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SUPREME COURT UPHOLDS LEGALITY, CONSTITUTIONALITY OF EDCA


JANUARY 13 -The Supreme Court (SC) has upheld the legality of the Enhanced Defense Cooperation Agreement (EDCA) with the United States in a decision that is seen to pave the way for greater US military presence in the country. Voting 10-4 in their first full court session for the year yesterday, the justices dismissed the consolidated petitions against EDCA filed by former senators Rene Saguisag and Wigberto Tañada and militant lawmakers led by Bayan Muna Representatives Neri Colmenares and Carlos Zarate. The development comes at a time when the Philippines is building up its military capability and firming up regional alliances in the face of China’s aggressive moves in the West Philippine Sea and South China Sea. A primer on EDCA specifically rules out reestablishment of US bases in the Philippines or permanent deployment of American service personnel on Philippine soil. Any pre-positioning of US military equipment, vehicles or aircraft in Philippine bases would be done with permission from local military authorities, the primer states. Chief Justice Ma. Lourdes Sereno penned the majority decision rejecting the petitioners’ argument that EDCA was constitutionally infirm. The SC disputed the arguments of petitioners – supported by the Senate through its Resolution No. 105 – that the agreement was a treaty similar to the Visiting Forces Agreement (VFA) and Mutual Defense Treaty (MDT). “The court disagreed with the Senate’s position submitted to the court by way of Senate Resolution No. 105 expressing its view that EDCA is a form of treaty that needed concurrence by at least two-thirds of all the members of the Senate,” SC spokesman Theodore Te said in a press briefing, citing key portions of the ruling. The high court pointed out that the law requires Senate concurrence to a treaty and that an agreement can only be considered a treaty when it serves as an “instrument that allows the presence of foreign military bases, troops or facilities.”  The SC emphasized EDCA is “not the instrument that allows US troops or facilities to enter as the VFA already has done that,” citing its earlier ruling that upheld the validity of the VFA. “The EDCA provides for arrangements to implement existing treaties following entry of foreign military troops or facilities under the VFA and the MDT, and thus may be in the form of an executive agreement solely within the powers of the President and not requiring Senate concurrence under Article XVIII, Section 25 of the Constitution,” Te explained. The high tribunal also agreed with the executive branch’s position that EDCA complies with the requirement of the law not to go beyond the parameters, limitations and standards set by the treaty it purports to implement. Instead, the high tribunal held that EDCA is a valid executive agreement that the President is allowed to enter into under Article XVIII Section 25 of the Constitution to implement the VFA and the MDT of the 1950s. “As an executive agreement, EDCA remains consistent with existing laws and treaties that it purports to implement,” stated the ruling read by Te. READ MORE...

ALSO: Eight camps being considered as host sites for EDCA
[Armed Forces of the Philippines spokesman Col. Restituto Padilla said the shortlist contains military installations in Nueva Ecija, Clark, Palawan, Cebu and Cagayan de Oro.]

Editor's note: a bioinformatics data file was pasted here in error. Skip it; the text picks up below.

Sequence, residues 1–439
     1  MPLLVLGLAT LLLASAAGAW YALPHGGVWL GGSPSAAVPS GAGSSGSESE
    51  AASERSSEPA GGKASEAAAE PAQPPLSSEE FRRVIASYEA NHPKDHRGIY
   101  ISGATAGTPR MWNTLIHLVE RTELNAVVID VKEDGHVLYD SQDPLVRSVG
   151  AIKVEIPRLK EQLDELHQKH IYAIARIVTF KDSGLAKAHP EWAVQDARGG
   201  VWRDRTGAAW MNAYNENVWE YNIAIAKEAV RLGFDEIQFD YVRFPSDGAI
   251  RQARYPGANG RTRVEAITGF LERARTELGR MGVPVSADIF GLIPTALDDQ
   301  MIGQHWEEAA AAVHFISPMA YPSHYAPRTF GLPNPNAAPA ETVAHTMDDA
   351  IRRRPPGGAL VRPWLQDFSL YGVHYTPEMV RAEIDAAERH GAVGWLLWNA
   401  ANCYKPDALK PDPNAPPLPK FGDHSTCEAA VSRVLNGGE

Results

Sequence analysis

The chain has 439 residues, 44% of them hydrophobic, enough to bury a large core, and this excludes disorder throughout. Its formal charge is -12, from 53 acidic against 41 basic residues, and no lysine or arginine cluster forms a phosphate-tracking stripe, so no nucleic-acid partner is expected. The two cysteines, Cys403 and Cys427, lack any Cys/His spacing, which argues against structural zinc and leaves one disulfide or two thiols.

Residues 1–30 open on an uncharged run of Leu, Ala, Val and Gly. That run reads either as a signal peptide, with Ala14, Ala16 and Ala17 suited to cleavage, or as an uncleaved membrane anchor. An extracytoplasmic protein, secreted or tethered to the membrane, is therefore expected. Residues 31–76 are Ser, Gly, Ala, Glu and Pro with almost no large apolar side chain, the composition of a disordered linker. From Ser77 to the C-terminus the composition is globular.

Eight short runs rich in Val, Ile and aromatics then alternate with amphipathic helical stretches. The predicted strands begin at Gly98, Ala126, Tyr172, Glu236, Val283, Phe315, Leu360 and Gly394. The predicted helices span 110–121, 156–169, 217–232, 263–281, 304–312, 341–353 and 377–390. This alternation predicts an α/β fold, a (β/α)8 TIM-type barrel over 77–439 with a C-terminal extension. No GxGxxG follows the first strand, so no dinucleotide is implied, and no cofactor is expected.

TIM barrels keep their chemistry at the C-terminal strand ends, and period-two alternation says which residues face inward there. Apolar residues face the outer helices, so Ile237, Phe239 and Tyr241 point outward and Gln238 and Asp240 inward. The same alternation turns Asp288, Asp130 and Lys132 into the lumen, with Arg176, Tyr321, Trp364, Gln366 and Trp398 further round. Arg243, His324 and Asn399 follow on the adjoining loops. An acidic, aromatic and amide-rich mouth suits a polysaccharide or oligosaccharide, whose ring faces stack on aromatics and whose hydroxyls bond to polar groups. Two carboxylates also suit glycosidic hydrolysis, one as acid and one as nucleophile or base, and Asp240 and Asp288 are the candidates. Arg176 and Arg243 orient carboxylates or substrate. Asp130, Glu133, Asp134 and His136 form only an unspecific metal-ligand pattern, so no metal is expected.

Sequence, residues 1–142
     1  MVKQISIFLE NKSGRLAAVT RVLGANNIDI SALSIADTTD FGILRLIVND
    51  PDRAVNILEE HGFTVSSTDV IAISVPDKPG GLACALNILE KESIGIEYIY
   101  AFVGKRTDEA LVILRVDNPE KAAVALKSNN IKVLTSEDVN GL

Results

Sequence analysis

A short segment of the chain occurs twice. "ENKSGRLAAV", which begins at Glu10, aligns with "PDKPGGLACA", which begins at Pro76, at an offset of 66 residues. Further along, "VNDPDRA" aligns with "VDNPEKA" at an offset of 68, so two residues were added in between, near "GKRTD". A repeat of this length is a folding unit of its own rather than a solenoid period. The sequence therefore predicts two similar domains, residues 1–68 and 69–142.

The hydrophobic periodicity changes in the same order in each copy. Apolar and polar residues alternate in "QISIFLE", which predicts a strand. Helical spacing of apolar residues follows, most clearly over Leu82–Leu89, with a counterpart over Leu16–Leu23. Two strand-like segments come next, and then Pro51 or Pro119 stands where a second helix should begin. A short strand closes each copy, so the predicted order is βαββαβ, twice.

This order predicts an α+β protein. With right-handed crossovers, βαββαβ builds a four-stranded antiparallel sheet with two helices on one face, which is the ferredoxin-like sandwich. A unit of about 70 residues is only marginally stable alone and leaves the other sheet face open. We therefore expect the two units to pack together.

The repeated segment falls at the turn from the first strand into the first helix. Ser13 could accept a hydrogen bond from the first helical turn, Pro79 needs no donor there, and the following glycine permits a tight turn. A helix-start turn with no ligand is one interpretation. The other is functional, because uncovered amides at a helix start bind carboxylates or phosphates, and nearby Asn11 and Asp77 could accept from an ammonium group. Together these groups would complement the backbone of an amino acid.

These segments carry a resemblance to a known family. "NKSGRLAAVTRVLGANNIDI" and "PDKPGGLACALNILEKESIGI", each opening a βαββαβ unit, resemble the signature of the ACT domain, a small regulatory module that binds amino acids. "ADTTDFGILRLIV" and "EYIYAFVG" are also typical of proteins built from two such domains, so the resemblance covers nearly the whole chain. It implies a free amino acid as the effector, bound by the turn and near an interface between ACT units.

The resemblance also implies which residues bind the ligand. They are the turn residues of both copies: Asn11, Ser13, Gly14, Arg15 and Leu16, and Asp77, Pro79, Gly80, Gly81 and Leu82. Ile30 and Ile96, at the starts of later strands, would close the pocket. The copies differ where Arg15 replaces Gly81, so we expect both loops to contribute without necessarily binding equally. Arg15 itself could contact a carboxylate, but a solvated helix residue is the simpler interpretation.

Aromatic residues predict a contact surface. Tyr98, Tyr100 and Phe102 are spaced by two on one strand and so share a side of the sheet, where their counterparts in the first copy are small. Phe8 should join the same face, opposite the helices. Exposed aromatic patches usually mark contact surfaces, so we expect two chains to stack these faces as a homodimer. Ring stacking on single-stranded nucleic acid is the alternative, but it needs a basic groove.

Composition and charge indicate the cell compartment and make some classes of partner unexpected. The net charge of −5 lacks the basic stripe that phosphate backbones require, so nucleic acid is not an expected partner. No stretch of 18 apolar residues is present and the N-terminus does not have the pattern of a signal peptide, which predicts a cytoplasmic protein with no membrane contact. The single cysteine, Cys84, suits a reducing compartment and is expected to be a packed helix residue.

JANUARY 13 -EDCA, which was signed by the Philippines and the US on April 28, 2014, allows American troops to pre-position defense assets in Philippine bases. File photo
At least eight military camps are being considered as sites that would host the US equipment to be pre-positioned in the country for the Enhanced Defense Cooperation Agreement (EDCA), an official said on Wednesday.
Armed Forces of the Philippines spokesman Col. Restituto Padilla said the shortlist contains military installations in Nueva Ecija, Clark, Palawan, Cebu and Cagayan de Oro. “They can be part of the areas that can be devoted for maritime security and maritime domain awareness. But there is no final agreement yet,” Padilla said in a press conference. He said the priority sites for the EDCA are Fort Magsaysay in Nueva Ecija and Basa Airbase in Pampanga. Other camps that will be subjected to further discussions are the Antonio Bautista Airbase in Palawan, Benito Ebuen Airbase in Cebu, Clark Airbase in Pampanga, Lumbia Airfield in Cagayan de Oro and unnamed naval bases in Palawan and Cebu. Padilla said negotiators from the Philippines and the US would soon resume discussions on the implementing regulations of EDCA now that the legality of the bilateral deal has been upheld by the Supreme Court. Voting 10-4, Supreme Court justices has ruled that the EDCA is constitutional and does not need the Senate’s ratification to be implemented. The high court said the Visiting Forces Agreement (VFA), not the EDCA, is the instrument that permits American forces or facilities to enter the country. The VFA, which was signed by the Philippines and the US in 1998, allows American soldiers to conduct trainings in Philippine soil. According to the Supreme Court, the EDCA provides for arrangements to implement existing treaties following the entry of foreign military troops or facilities under the VFA and the Mutual Defense Treaty (MDT). The MDT, signed in 1951 allows the two Philippines and the US to jointly develop their security capabilities to resist armed attacks. READ MORE...

ALSO: Philippines, US to fully implement EDCA after SC ruling